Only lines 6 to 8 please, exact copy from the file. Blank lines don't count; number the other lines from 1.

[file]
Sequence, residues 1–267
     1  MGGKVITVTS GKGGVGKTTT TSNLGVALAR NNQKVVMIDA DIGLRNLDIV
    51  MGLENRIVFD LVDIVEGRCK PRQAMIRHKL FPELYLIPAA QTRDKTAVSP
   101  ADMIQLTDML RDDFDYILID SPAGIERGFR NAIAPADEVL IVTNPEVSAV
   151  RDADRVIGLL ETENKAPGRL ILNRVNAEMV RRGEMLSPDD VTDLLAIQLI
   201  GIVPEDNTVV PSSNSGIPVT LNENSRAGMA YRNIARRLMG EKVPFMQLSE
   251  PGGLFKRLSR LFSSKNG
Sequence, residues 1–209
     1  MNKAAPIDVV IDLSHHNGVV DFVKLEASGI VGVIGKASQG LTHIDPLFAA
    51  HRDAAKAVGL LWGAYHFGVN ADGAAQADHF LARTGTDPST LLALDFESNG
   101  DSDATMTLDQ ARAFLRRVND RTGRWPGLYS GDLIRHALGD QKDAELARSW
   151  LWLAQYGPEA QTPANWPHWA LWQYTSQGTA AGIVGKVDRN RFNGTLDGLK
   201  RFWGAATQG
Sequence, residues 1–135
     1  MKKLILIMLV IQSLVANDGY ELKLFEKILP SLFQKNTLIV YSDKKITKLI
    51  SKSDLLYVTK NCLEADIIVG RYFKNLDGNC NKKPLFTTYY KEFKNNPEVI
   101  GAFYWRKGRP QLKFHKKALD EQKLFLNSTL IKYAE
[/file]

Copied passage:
   201  GIVPEDNTVV PSSNSGIPVT LNENSRAGMA YRNIARRLMG EKVPFMQLSE
   251  PGGLFKRLSR LFSSKNG
Sequence, residues 1–209